Both Bangladesh and Afghanistan come into this crucial Super Four match having lost their previous contests. But it is anyone’s guess which side would be more confident. Bangladesh have had it rough in their last two games, particularly their batsmen who have performed poorly as a collective.
Afghanistan have played impressive cricket in the Asia Cup so far, although the loss to Pakistan will take time to heal. They will hope for a better start from Mohammad Shahzad and Ihsanullah in the first Powerplay. Their middle order has mostly done the job of steadying the ship and setting a platform for the last 10 overs, in which Afghanistan have now scored 97 and 87 runs in their last two matches, against Bangladesh and Pakistan.
Hashmatullah Shahidi has been their batting ace, scoring 192 runs in three innings, but none of the others have been as consistent. Rahmat Shah made 72 against Sri Lanka while Asghar Afghan struck 67 against Pakistan.
Their three main spinners, however, have been outstanding, none of them conceding more than 3.50 runs per over. Mujeeb Ur Rahman’s accuracy and variation with the new ball is backed up by the experienced Mohammad Nabi before their star bowler, the legspinner Rashid Khan, rips into the middle orders. Perhaps at times captain Afghan can bring Rashid into the attack slightly earlier, especially if teams get off to good starts.
Bangladesh haven’t had it so easy. Tamim Iqbal’s injury-enforced absence has unsettled the top order. The lack of form of the younger batsmen such as Liton Das, Nazmul Hossain Shanto and Mosaddek Hossain has led the selectors to add Soumya Sarkar and Imrul Kayes to the squad. Whether this will relieve the pressure on the three main batsmen – Mushfiqur Rahim, Shakib Al Hasan and Mahmudullah – remains to be seen.
Both teams are in the same situation, effectively, as far as the tournament goes, but at the moment Afghanistan look clear favourites, their spinners itching to go at an under-pressure batting line-up that has failed to cross 200 in successive games.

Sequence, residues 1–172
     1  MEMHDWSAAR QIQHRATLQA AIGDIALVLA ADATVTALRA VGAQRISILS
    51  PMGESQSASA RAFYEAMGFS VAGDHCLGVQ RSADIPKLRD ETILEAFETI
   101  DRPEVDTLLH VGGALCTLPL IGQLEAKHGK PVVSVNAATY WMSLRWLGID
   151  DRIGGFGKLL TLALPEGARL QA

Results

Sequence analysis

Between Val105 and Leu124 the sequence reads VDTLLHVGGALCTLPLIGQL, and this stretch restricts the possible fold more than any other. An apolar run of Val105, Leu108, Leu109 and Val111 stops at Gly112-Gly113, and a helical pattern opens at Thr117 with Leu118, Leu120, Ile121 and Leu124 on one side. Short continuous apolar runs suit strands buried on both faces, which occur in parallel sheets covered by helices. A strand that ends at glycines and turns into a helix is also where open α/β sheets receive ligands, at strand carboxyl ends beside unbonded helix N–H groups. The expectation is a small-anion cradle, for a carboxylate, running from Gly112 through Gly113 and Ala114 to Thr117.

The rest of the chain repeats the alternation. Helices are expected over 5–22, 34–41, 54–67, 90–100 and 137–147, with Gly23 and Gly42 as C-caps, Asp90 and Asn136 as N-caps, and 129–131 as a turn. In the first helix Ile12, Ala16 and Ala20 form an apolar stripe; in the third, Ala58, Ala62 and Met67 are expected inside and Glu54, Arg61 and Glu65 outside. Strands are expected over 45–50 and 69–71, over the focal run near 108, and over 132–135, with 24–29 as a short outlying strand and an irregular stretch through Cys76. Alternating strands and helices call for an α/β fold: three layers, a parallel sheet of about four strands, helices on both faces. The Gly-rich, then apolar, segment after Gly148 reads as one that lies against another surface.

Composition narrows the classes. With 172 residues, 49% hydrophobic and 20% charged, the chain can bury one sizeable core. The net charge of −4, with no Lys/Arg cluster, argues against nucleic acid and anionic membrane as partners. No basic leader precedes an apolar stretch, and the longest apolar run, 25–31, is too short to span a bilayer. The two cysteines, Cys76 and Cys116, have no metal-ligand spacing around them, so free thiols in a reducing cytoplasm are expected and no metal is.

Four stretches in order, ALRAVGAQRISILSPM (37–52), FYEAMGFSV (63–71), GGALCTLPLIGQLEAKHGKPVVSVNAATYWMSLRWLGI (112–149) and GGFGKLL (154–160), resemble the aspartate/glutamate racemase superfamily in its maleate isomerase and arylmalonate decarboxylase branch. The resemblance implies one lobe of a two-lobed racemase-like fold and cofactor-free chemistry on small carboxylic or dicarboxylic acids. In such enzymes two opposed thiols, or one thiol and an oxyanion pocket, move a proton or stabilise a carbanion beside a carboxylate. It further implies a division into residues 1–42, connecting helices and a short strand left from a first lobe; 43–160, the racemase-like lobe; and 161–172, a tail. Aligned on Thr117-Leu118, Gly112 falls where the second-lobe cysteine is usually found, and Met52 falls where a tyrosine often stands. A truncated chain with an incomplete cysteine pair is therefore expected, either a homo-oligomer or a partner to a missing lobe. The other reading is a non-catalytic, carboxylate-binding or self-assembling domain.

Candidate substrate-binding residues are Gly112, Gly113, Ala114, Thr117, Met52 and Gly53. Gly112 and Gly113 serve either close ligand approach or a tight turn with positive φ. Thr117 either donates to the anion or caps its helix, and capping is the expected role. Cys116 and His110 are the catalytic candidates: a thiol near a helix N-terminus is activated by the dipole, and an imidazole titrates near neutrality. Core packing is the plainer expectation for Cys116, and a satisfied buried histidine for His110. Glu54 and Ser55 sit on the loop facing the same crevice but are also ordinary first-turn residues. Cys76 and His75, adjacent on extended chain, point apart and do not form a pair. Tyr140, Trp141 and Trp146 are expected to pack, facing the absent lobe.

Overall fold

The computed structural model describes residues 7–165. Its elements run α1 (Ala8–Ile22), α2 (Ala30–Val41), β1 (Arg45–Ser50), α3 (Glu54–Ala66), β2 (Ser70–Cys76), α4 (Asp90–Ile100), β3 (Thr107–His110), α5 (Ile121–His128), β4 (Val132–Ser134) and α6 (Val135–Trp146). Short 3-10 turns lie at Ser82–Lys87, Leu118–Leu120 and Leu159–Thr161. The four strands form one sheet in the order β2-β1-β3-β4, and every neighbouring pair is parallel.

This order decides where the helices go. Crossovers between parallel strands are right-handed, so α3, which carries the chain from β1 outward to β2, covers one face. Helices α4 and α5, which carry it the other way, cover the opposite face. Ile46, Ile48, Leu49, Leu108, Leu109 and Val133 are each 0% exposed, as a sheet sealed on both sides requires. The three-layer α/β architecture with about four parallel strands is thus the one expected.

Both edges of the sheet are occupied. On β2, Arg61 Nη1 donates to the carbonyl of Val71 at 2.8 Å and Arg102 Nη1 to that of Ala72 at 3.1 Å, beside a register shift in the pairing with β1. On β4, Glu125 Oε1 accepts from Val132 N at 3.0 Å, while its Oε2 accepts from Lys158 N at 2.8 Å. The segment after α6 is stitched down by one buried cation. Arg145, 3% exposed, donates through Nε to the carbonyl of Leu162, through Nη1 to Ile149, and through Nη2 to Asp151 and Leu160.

Afghanistan: LWWWL (last five completed matches, most recent first)
In the spotlight
It is important for Bangladesh that Mashrafe Mortaza get back into the groove. He hasn’t been his usual self in their last two games, conceding 7.46 per over and only taking one wicket.
Mohammad Nabi has been miserly with the ball but a little off-colour with the bat in this Asia Cup, only scoring 32 runs in three innings.
Afghanistan are unlikely to tinker with their top six but they may want to ponder the make-up of their pace attack.
Afghanistan (probable): 1 Mohammad Shahzad (wk), 2 Ihsanullah, 3 Rahmat Shah, 4 Asghar Afghan (capt), 5 Hashmatullah Shahidi, 6 Mohammad Nabi, 7 Najibullah Zadran, 8 Gulbadin Naib, 9 Rashid Khan, 10 Aftab Alam, 11 Mujeeb Ur Rahman
Having failed to cross 200 in successive innings, Bangladesh could make changes to their top order, with Soumya Sarkar and Imrul Kayes now also in the mix.
Bangladesh (probable): 1 Liton Das, 2 Nazmul Hossain Shanto, 3 Shakib Al Hasan, 4 Mushfiqur Rahim (wk), 5 Mohammad Mithun, 6 Mahmudullah, 7 Mosaddek Hossain, 8 Mashrafe Mortaza (capt), 9 Mehidy Hasan Miraz, 10 Rubel Hossain, 11 Mustafizur Rahman
Pitch and conditions
Abu Dhabi remains a “bat first, score 250-plus” ground, although Pakistan did chase down Afghanistan’s 257 in the last game here. The weather remains hot and dry, with a low of 32 degrees.
Stats and trivia
Bangladesh have lost the last 11 ODIs they have played without Tamim Iqbal.
Hashmatullah Shahidi, while making 97* against Pakistan, became the second Afghanistan batsman to be unbeaten in the nineties in ODIs.
“We have had collapses in two successive matches. It does make the dressing-room worried when we lose two early wickets. We managed to recover in the first game but we faced world-class bowlers against Afghanistan and India. We have to ensure more partnerships so that we don’t go out of the contest before the first 30 overs.”
Mashrafe Mortaza, the Bangladesh captain